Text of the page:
Director David Wnendt (of “Wetlands” fame) joins forces with newly minted poet-turned-novelist Rebecca Dinerstein to adapt her novel of the same name into the movie “The Sunlit Night.” The title refers to the 24 hours of sun her onscreen counterpart Frances (Jenny Slate) experiences during an extended stay on an island in Norway.

But that’s about all of the facts you will find in this work of fiction. The rest of the drama, including but not limited to a project to paint an entire barn, the belligerent artist in charge of this strange residency, Frances’ love interest, and his familial encumbrances… all fiction. Not that I mind fiction, but whereas real life can be unbelievable at times, as Mark Twain was quoted as saying: “…fiction needs to be credible.” But much of “The Sunlit Night” just isn’t.

After a rocky week wherein her own art project falls short, she fails to get even a job she barely wants, her model-handsome boyfriend breaks up with her just when her younger sister gets engaged, Frances’ parents get separated.

All of this desperation leads to the decision to get away from the Big Apple and go just about as far north as she can.

Meanwhile, a young man named Yasha toils away in his father’s bakery in the same city, but he and Frances never meet. He’s too busy making the pastries that feed NYC’s endless stream of blue-collar workers stopping by for a quick bite, as well as a mysterious older gentleman who makes a point to visit and to make his visits memorable.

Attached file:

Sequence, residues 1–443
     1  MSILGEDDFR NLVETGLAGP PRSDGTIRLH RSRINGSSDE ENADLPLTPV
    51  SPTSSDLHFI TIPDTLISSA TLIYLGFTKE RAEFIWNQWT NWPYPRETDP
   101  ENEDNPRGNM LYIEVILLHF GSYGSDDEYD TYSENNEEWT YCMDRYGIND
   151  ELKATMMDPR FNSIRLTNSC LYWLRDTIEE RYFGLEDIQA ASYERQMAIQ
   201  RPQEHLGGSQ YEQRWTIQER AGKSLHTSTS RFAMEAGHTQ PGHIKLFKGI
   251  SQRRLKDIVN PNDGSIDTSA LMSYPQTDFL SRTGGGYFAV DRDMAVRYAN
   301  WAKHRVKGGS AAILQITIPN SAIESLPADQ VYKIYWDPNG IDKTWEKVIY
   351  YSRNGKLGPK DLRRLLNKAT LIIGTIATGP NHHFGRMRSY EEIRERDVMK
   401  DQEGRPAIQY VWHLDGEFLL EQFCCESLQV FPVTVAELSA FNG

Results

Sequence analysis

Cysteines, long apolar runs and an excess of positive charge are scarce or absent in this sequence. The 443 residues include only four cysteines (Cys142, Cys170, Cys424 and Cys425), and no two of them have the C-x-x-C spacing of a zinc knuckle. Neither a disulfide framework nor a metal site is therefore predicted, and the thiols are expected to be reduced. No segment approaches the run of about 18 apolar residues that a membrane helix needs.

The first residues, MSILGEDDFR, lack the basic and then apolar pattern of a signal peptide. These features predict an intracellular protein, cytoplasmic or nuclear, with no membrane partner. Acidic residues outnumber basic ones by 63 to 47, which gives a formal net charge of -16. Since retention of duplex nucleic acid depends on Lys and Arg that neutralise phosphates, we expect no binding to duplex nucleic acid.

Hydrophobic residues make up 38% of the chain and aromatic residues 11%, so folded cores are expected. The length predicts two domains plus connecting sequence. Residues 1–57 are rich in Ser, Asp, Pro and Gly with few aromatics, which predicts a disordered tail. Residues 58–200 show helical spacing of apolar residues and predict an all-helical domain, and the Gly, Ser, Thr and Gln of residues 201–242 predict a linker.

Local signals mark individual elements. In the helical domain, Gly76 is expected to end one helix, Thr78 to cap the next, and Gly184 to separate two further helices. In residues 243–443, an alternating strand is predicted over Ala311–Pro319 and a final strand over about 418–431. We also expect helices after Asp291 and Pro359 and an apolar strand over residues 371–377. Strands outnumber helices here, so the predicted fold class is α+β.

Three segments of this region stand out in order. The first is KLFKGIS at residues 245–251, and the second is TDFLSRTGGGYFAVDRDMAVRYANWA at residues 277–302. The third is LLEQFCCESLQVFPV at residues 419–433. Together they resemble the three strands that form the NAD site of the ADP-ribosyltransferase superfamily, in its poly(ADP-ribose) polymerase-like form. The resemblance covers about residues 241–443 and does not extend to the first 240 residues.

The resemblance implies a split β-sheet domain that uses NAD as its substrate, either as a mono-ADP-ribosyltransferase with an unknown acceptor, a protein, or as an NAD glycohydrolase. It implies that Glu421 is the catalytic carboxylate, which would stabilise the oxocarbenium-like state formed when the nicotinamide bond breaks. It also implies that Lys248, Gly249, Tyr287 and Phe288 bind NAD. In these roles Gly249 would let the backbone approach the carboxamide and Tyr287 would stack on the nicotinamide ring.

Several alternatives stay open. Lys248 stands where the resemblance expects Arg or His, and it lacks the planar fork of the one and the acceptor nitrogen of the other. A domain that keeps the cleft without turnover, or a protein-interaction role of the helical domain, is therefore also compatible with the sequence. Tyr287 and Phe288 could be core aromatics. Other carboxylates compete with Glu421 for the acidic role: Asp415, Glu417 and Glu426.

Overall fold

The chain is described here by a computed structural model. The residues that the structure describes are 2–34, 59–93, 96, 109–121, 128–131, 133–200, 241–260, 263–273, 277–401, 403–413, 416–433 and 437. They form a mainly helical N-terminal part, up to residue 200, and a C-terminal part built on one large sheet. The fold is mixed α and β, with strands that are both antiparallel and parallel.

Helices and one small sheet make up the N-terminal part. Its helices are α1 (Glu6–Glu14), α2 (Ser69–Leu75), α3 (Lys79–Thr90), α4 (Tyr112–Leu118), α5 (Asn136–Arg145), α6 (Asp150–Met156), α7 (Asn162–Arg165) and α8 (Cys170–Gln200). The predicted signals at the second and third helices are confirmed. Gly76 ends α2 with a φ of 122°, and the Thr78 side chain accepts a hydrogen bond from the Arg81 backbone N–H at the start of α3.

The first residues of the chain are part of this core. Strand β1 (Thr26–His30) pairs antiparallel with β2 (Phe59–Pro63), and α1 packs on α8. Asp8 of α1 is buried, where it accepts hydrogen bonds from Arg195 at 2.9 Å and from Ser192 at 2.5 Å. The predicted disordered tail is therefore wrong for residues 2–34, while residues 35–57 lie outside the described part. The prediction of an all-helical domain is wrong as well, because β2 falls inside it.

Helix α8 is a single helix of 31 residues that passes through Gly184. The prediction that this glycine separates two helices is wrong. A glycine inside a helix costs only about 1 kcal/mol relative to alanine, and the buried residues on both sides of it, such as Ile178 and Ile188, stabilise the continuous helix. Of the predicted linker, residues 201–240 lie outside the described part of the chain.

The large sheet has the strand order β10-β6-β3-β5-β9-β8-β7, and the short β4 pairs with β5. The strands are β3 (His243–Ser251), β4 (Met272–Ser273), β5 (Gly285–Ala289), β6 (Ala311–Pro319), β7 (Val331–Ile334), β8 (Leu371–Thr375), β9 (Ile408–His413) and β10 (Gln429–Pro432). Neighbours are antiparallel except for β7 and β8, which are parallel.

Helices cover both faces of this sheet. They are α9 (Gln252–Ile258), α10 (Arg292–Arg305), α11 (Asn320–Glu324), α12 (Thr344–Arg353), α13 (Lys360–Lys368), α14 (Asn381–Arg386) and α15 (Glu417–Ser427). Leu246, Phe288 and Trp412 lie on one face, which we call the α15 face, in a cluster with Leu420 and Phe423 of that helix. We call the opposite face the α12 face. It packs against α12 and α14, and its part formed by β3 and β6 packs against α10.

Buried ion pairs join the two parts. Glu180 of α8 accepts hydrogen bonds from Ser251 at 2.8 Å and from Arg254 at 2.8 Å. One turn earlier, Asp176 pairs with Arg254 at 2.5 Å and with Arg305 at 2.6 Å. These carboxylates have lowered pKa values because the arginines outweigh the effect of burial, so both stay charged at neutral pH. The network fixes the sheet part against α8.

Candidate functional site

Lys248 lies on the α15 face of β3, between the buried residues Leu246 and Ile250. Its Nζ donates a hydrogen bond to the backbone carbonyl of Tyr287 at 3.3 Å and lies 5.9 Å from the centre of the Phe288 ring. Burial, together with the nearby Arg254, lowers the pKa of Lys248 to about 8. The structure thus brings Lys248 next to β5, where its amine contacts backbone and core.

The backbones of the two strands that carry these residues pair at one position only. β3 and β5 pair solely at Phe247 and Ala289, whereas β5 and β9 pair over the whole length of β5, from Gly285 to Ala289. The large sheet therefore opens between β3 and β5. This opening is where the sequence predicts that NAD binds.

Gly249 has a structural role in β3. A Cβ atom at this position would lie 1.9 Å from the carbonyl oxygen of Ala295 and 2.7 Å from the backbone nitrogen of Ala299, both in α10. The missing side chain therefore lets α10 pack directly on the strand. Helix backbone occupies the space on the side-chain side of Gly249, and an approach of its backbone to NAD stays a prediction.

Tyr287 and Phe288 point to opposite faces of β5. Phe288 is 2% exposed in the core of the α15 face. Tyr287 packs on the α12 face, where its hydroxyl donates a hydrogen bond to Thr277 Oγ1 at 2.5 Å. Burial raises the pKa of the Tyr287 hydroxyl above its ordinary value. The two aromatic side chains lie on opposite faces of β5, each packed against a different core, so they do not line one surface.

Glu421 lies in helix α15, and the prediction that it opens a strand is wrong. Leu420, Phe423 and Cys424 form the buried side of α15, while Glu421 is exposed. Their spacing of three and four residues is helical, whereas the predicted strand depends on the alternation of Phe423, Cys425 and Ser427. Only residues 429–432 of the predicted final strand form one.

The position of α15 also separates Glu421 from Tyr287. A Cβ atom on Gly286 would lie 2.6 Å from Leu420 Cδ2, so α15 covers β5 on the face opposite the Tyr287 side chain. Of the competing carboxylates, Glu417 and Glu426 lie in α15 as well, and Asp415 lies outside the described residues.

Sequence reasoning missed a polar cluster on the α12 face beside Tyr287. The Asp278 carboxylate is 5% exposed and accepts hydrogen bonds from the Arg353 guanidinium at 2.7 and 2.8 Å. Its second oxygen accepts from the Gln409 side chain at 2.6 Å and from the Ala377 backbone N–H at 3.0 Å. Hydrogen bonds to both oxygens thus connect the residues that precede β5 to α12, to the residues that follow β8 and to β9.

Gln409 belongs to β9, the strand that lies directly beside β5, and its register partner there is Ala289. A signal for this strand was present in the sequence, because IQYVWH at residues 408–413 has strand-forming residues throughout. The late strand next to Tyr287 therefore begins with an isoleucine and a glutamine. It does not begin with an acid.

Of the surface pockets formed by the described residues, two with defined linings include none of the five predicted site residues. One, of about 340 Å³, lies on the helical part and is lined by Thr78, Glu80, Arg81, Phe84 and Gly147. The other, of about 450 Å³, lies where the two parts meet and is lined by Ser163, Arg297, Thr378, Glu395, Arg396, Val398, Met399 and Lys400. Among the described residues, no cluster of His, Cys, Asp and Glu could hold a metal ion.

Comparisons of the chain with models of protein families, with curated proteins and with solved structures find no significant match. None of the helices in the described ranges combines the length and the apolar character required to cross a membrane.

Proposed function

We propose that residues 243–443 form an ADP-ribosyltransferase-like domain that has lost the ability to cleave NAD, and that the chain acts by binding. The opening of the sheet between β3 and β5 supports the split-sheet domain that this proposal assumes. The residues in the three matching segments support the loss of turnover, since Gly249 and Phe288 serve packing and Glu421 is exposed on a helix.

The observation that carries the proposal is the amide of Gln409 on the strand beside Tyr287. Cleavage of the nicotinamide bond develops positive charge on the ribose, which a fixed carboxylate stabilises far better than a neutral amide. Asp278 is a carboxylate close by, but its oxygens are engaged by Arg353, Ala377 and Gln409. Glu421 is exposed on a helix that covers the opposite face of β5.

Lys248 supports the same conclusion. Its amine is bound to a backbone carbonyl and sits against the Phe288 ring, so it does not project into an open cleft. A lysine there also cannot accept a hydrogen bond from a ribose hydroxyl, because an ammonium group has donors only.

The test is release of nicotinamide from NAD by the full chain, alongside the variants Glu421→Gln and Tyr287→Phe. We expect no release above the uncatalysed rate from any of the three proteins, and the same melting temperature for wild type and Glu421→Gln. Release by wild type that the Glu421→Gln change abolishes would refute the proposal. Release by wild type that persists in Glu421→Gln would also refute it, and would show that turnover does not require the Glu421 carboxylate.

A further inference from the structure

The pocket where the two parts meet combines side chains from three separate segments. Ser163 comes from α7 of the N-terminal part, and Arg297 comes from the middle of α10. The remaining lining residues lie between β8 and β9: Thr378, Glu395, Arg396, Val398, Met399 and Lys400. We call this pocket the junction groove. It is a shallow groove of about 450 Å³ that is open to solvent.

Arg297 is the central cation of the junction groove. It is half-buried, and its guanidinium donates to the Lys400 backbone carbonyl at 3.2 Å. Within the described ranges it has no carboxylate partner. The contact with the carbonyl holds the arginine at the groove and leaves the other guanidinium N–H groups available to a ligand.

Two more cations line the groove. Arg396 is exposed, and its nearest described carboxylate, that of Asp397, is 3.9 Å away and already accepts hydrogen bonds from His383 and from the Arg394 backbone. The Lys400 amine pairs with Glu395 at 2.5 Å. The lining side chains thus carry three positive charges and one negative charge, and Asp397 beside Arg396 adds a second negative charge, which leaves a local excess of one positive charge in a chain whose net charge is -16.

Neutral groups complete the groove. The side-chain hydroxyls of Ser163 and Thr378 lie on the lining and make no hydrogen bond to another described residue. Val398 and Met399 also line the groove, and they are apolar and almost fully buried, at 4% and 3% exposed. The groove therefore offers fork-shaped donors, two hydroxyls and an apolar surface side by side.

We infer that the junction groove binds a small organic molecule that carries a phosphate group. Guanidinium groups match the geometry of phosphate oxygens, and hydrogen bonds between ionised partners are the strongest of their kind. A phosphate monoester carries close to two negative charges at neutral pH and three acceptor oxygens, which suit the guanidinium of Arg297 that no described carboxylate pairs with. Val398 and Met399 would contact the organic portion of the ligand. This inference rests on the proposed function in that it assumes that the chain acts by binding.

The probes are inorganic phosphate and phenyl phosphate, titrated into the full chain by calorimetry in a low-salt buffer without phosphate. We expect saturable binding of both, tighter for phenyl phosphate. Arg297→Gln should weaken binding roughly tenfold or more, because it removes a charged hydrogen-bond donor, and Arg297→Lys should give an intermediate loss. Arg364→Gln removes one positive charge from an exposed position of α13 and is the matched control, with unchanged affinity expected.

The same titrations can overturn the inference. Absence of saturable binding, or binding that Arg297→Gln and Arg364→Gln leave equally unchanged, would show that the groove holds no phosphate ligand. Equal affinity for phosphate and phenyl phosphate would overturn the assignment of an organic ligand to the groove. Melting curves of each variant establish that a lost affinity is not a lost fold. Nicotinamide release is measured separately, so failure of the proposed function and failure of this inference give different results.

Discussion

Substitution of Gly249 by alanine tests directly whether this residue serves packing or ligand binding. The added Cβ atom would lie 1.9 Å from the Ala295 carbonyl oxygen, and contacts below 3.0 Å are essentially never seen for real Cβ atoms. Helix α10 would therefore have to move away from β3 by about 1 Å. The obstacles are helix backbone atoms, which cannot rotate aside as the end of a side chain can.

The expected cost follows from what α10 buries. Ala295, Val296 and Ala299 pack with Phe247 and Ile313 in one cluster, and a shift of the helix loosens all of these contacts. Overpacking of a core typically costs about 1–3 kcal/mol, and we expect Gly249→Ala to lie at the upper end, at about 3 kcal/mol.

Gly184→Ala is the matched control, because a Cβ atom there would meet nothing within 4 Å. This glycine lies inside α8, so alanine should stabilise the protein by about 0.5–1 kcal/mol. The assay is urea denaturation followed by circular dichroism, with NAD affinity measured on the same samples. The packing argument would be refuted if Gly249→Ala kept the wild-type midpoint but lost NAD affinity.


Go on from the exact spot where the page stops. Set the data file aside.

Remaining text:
But when Yasha’s father dies – you guessed it – he requests that he be buried on Frances’ tiny island in the Arctic Circle. They meet and ludicrously quickly fall in love and reject all manner of opportunities to instead eventually be with each other back in the states.

Slate is in the lead as Frances, and she’s just charming enough to make you overlook how annoying her character can be. Zach Galifianakis provides comedy relief from all the neurosis on display as an expatriate, wannabe Viking. Gillian Anderson’s Russian accent is good as Yasha’s long-lost mother, and so is she (for as long as she’s around) which is to say, not much. Even the aforementioned Mysterious Gentleman makes an appearance up north.

Both Yasha and Frances’ stories are fine as they are (although Frances’ line is far more developed than Yasha’s), although not extremely interesting. However, once entwined, the credulity is strained to the point of indifference. It’s all well and good, but almost pointless. If you’re going to ask me to believe your slice of life story, at least make your slices part of a satisfying sandwich.

One of a trio of movies whose endings undermined the whole (“The Silence of Sound’” and “The Tomorrow Man”), viewing “The Sunlit Night” is akin to sitting through someone’s photo album of a vacation you didn’t take; it’s only as interesting as it can be considering you weren’t on the trip, and the pics don’t do their experience justice.

Check out the Q&A from a screening at the SLCC Grand Theater here!

“The Sunlit Night.”

RUN TIME 106 min

Director: David Wnendt

Writer: Rebecca Dinerstein

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